MP: Speaking of risks, one of the things that you spoke about at the D2C Summit is risk assessment. How are you going about it? 

Roy: We basically made a classic 2 by 2 matrix. On one axis, it was revenue risk, and then the other it's how structured is something. Meaning, again, product descriptions. [They] are incredibly structured. There's set attributes that make it in, there's a repetitive kind of function framework for the copy. Email subject lines -- fairly structured. But those two have very different revenue risks for us. Email is a huge driver of revenue for us, so you can't screw up email subject lines. We currently use AI for just ideation. But we're not to the point where we're comfortable definitely populating an email subject line and taking that kind of risk when it's so important for us. Product descriptions are important, but they're not going to necessarily make or break that level of sales. They certainly have to be good, and you have to be careful. But you have significantly less direct revenue impact. 

And I think that's the way everyone needs to think about these technologies. The more revenue at risk, the more you need to have people in the loop, you have to be extra careful, you have to iterate on the model and get it better and better. And again, it's having like a clear prioritization around these different axes is important.

MPSo where are you actually using it right now at Adore Me?

Roy: A couple of different areas. So again, product descriptions were like the biggest use case. Not only did it we get to the point of it saving time, but it actually has had benefits far beyond what an individual or even a team of people could have done. But then, also again, email on the subject line, we're still using it for ideas, but not to actually populate the email. Another area is a service of ours called Daily Look. It's a styling box service, and there's a person who styles your box and writes a note, and they write it from scratch. It's actually integrated into the workflow giving people a first draft based on the items in the box. That is an area where I'm pretty excited, because that's a lot more complex to populate these first drafts, but it's been going pretty well. Elsewhere again, I would still put in the experimentation phase.

MP: So, most of the talk, and I think you focused a lot of your talk at D2C Summit, was about AI offering marketers’ efficiencies. Where in e-commerce will it be transformative, improve the shopping experience for users, or just the relationship between a brand and its customers?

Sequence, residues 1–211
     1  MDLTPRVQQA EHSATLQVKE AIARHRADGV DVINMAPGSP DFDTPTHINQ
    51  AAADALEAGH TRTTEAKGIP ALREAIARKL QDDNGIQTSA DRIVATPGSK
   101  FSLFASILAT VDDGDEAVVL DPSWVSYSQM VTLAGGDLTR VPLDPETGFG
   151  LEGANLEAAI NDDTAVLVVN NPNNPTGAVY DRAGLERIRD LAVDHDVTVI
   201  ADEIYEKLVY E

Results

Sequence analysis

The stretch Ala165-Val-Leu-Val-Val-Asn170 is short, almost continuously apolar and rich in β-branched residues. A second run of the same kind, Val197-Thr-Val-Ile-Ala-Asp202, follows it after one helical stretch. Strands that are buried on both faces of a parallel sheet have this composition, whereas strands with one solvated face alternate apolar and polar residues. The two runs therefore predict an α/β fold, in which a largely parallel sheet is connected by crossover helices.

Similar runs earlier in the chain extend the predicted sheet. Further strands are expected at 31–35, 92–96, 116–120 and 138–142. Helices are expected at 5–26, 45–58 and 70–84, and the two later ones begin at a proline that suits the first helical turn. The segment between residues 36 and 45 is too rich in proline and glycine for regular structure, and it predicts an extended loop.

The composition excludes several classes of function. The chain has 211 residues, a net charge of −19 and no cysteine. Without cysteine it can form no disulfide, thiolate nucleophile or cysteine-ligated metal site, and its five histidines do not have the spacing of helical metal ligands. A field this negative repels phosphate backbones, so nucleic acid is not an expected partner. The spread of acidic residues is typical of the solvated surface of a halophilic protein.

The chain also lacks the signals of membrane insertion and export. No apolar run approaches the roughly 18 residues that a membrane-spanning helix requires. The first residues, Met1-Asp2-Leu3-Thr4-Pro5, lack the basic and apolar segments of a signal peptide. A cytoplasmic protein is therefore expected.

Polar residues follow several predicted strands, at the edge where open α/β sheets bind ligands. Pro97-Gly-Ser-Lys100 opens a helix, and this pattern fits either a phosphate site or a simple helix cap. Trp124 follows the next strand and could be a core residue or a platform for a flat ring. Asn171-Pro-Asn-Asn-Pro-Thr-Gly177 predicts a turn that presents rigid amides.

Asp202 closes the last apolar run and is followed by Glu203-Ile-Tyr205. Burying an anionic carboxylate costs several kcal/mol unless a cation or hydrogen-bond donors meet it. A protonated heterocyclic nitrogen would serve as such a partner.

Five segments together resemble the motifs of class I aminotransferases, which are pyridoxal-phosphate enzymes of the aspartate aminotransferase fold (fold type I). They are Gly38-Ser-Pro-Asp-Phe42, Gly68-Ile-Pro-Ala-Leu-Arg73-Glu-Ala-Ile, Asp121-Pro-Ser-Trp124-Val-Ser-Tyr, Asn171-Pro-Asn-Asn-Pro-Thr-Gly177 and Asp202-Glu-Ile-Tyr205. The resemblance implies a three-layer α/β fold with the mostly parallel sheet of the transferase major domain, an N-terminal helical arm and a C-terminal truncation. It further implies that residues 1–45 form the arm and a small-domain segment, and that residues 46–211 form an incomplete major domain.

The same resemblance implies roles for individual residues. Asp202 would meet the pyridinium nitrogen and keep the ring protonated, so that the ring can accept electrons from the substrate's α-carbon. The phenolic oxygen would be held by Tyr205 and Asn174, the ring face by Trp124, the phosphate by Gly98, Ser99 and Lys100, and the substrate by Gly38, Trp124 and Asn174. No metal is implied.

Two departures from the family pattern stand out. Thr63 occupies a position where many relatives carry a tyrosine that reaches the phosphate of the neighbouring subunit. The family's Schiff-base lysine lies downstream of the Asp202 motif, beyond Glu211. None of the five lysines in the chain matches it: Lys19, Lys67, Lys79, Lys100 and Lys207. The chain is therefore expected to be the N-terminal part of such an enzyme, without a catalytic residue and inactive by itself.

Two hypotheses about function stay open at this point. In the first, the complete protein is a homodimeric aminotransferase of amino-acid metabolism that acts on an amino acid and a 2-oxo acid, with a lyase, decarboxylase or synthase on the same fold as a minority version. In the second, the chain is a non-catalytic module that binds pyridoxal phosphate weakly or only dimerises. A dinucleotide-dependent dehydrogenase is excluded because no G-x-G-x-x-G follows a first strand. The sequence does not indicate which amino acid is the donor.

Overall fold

Roy: For any kind of online shopping the goal is to minimize the interactions with the customer. From a pure economic standpoint, the more interaction you have, the more expensive it is. To me the most exciting part of this is, it almost flips the equation where creating more non-conversion-oriented communications is something that every brand can start investing in. We've been talking about this a lot. It's like, after the point of purchase. getting communications around product care that are super personalized to the person, to the size of the outfit. Has it been three months, has it been six months since they got the product? There's so much that can be done that in the past you would have not necessarily invested the time in, because it would be too expensive. I think that starts to get very interesting, and that also changes the entire relationship with the shopper. Right now for almost every online brand the majority of your communications are still around some kind of selling. So, the idea that you can then start actually investing heavily into more value additive communications, I think that can really change the relationship people have with a brand. 

MP: Well, let me take my own good advice here, and make sure we talk about something other than AI. What marketing projects or new things are you working on hardest to Adore Me now?

Roy: Loyalty and retention are top of mind in 2023. For Adore Me, we've had membership models. A membership is a huge core part of our business. But basically, I think the entire e-commerce industry, the need to acquire customers over and over again, rather than having built in ways to have people shop-repeat -- I think that has to be priority for every direct consumer brand, and it certainly is for us.